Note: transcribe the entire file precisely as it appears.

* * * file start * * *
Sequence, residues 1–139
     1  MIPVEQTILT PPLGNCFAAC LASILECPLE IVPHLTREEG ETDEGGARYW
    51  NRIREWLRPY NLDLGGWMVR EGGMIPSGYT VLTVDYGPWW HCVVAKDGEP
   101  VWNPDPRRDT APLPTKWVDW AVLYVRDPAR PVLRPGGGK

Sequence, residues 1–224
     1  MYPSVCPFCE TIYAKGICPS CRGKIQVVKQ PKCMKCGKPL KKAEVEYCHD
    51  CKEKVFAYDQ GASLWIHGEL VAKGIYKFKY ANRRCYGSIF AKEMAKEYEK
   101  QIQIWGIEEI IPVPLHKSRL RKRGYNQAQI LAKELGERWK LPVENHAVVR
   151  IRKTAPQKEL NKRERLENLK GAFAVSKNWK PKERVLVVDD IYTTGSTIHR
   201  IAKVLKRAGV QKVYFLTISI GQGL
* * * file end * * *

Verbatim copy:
Sequence, residues 1–139
     1  MIPVEQTILT PPLGNCFAAC LASILECPLE IVPHLTREEG ETDEGGARYW
    51  NRIREWLRPY NLDLGGWMVR EGGMIPSGYT VLTVDYGPWW HCVVAKDGEP
   101  VWNPDPRRDT APLPTKWVDW AVLYVRDPAR PVLRPGGGK

Sequence, residues 1–224
     1  MYPSVCPFCE TIYAKGICPS CRGKIQVVKQ PKCMKCGKPL KKAEVEYCHD
    51  CKEKVFAYDQ GASLWIHGEL VAKGIYKFKY ANRRCYGSIF AKEMAKEYEK
   101  QIQIWGIEEI IPVPLHKSRL RKRGYNQAQI LAKELGERWK LPVENHAVVR
   151  IRKTAPQKEL NKRERLENLK GAFAVSKNWK PKERVLVVDD IYTTGSTIHR
   201  IAKVLKRAGV QKVYFLTISI GQGL